The Cambridge History of American Music, first published in 1998, celebrates the richness of America's musical life. It was the first study of music in the United States to be written by a team of scholars. American music is an intricate tapestry of many cultures, and the History reveals this wide array of influences from Native, European, African, Asian, and other sources. The History begins with a survey of the music of Native Americans and then explores the social, historical, and cultural events of musical life in the period until 1900. Other contributors examine the growth and influence of popular musics, including film and stage music, jazz, rock, and immigrant, folk, and regional musics. The volume also includes valuable chapters on twentieth-century art music, including the experimental, serial, and tonal traditions.
33 grand ceremonial pieces that are ideal for use at weddings, as voluntaries, or for recitals. Not all the music is loud and extrovert: together with pieces like fanfares and marches, the collection contains a sprinkling of quieter items in solemn mood.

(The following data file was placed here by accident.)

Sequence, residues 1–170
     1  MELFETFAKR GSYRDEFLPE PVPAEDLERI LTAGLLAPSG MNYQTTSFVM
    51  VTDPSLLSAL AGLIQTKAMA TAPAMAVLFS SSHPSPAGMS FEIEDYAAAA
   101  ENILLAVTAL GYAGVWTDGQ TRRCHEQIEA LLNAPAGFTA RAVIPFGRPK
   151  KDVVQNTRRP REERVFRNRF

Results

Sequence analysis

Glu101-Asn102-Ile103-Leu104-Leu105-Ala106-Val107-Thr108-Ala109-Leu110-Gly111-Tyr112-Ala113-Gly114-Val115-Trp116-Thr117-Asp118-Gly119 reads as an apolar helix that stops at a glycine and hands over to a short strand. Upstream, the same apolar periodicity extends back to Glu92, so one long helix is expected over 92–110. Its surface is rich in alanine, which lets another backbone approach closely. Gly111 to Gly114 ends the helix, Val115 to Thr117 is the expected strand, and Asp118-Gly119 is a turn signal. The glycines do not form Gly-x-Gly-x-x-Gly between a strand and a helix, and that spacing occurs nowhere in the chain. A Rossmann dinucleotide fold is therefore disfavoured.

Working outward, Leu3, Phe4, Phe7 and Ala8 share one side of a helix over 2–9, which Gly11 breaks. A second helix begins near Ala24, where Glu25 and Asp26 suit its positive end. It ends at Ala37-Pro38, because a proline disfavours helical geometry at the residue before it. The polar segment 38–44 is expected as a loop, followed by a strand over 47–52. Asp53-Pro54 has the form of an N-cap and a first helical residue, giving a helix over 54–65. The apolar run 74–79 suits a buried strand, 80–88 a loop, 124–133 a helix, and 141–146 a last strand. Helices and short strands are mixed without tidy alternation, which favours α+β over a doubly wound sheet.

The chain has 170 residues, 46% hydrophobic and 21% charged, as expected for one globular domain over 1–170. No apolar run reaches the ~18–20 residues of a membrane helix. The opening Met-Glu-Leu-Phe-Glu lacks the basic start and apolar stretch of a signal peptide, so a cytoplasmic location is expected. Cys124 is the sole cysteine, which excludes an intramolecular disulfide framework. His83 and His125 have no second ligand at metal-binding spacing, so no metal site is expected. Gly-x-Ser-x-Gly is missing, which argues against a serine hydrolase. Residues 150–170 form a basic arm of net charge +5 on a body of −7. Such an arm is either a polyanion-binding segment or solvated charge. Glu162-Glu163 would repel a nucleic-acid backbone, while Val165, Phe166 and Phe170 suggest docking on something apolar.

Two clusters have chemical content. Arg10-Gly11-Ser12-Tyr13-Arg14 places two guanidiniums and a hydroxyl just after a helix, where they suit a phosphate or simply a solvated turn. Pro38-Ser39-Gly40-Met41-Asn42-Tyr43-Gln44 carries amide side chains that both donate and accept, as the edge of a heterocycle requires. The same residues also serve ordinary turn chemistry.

This first in-depth study of European national anthems analyzes their evolution as indicative of the culture, characteristics, and histories of the 15 different nations. Beyond these specific features, The Voice of Nations explores common themes such as the quest for liberty, independence, patriotism, national resurrection, and self-determination. The book also probes the reasons why these anthems are still in use and addresses their relevance in the era of European integration. Professor Eyck, a European-born historian, uses primary sources hitherto unavailable in this country and examines those anthems that were created spontaneously, rather than commissioned by rulers. Anthems included belong to countries that enjoyed sovereignty for either centuries or decades before 1914. Each chapter outlines the country's situation when the poem, destined to anthem status, was created; summarizes the life and work of the author; shows how and when the poem was set to music, and why it evolved into the song that became a symbol of a particular state and its people. Students, teachers, public and research libraries, and all interested in European music, history, literature, and national culture will find this gracefully written study a fascinating one.